Improving Access to Mental Health Services in Primary Care for Women Veterans
In 2014, almost half (48%) of all women Veterans using VA healthcare had at least one mental health condition. Depression was the most common condition (24%), followed by PTSD (14%) and anxiety (8%). Further, women Veterans are more likely than their male counterparts to have experienced military sexual trauma (MST), and/or intimate partner violence (IPV), as well as more than one mental health condition.
Takeaway: This QUERI project will tailor existing primary care-based mental health services for anxiety, depression, and/or PTSD for women Veterans, thereby improving the effectiveness of VA primary care-mental health integration (PC-MHI), as well as women Veterans’ engagement and retention in PC-MHI.
The delivery of mental healthcare differs widely across primary care and general mental health clinics. This variation challenges the system to engage and maintain women in healthcare. Women need to connect with providers who can support their engagement in medical and mental healthcare, while understanding their unique circumstances. Collaborative care has strong support for improving engagement and maintenance in primary care-based mental healthcare for depression. VA supports team-based medical and mental healthcare by co-locating mental health providers and using mental healthcare management. While co-location has been accomplished at many locations, use of care management has been limited, especially in women's clinics.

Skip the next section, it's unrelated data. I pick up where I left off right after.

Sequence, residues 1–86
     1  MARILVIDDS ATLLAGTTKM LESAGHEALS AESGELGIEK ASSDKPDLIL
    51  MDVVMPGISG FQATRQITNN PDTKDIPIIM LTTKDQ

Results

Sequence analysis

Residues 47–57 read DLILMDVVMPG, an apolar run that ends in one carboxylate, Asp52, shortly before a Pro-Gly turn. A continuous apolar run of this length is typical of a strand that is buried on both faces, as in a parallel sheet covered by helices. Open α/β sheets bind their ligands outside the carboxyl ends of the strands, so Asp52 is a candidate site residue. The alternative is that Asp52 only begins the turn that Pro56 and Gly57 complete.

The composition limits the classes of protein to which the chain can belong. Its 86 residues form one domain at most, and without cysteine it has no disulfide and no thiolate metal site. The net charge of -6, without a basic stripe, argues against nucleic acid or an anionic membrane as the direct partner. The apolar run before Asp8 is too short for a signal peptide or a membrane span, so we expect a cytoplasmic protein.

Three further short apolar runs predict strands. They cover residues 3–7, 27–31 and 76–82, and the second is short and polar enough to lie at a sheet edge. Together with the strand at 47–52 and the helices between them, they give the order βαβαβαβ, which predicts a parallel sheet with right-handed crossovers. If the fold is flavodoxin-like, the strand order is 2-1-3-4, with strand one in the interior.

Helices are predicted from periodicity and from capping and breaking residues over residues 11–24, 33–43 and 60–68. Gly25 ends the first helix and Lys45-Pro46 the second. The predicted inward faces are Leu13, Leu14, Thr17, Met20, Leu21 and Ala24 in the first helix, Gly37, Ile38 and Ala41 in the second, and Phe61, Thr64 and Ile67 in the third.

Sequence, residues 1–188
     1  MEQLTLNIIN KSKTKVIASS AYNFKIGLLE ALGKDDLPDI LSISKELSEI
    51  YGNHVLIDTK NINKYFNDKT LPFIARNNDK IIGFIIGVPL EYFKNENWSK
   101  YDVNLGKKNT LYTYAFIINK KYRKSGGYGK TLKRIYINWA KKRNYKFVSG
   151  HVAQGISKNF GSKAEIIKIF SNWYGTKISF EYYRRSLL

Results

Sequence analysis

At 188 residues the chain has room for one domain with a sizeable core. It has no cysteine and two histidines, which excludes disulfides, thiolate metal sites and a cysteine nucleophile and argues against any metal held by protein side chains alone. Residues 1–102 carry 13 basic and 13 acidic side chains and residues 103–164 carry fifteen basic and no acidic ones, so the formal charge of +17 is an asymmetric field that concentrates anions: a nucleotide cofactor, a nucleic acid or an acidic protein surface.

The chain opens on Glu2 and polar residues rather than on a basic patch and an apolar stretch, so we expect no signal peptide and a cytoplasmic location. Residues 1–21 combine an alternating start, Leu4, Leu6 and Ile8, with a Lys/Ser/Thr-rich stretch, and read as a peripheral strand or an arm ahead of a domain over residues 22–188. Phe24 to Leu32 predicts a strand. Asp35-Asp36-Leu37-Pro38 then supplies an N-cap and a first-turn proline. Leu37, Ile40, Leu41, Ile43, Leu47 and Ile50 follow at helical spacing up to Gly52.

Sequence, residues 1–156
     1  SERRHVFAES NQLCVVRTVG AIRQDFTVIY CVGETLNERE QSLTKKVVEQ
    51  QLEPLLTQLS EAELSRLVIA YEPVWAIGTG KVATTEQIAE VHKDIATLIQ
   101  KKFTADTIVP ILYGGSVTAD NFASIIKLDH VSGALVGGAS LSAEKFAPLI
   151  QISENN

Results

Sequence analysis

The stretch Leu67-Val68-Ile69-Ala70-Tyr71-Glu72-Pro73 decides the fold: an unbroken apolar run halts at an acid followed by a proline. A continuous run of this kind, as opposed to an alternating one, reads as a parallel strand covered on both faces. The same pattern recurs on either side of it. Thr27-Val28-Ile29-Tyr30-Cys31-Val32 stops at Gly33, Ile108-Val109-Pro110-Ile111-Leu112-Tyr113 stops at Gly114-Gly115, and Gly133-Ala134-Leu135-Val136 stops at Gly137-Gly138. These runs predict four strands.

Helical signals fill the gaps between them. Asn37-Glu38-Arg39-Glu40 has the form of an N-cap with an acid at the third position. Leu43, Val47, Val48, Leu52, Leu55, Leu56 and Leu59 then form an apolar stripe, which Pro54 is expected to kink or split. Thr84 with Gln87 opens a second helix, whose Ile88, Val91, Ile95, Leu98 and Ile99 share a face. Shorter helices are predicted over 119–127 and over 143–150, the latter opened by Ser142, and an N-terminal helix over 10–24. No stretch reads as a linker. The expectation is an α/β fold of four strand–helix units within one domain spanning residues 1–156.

The Enhancing Mental and Physical health of Women through Engagement and Retention (EMPOWER) QUERI National Program is designed to improve women Veterans’ engagement and retention in evidence-based care, targeting three high-priority health conditions: pre-diabetes, cardiovascular risk, and mental health. Led by Drs. Alison Hamilton and Ariel Lang, one of EMPOWER’s primary projects, "Collaborative Care for Women Veterans," (CCWV) is an implementation study that aims to tailor existing PC-based mental health services for anxiety, depression, and/or PTSD for women by offering women Veterans the option to engage in "Coordinated Anxiety Learning and Management (CALM)," an evidence-based intervention for anxiety disorders that includes computerized cognitive behavioral therapy, and web-based patient tracking.
Currently, implementation processes are being evaluated to inform the spread of CCWV across the VA healthcare system, thereby improving the effectiveness of organizational primary care-mental health integration (PC-MHI), as well as women Veterans’ engagement and retention in PC-MHI. Results will be measured by engagement and retention in care, as well as changes in mental health symptoms, health-related quality of life, and satisfaction with care experiences.
For more information about EMPOWER or this project, contact Dr. Hamilton at firstname.lastname@example.org.
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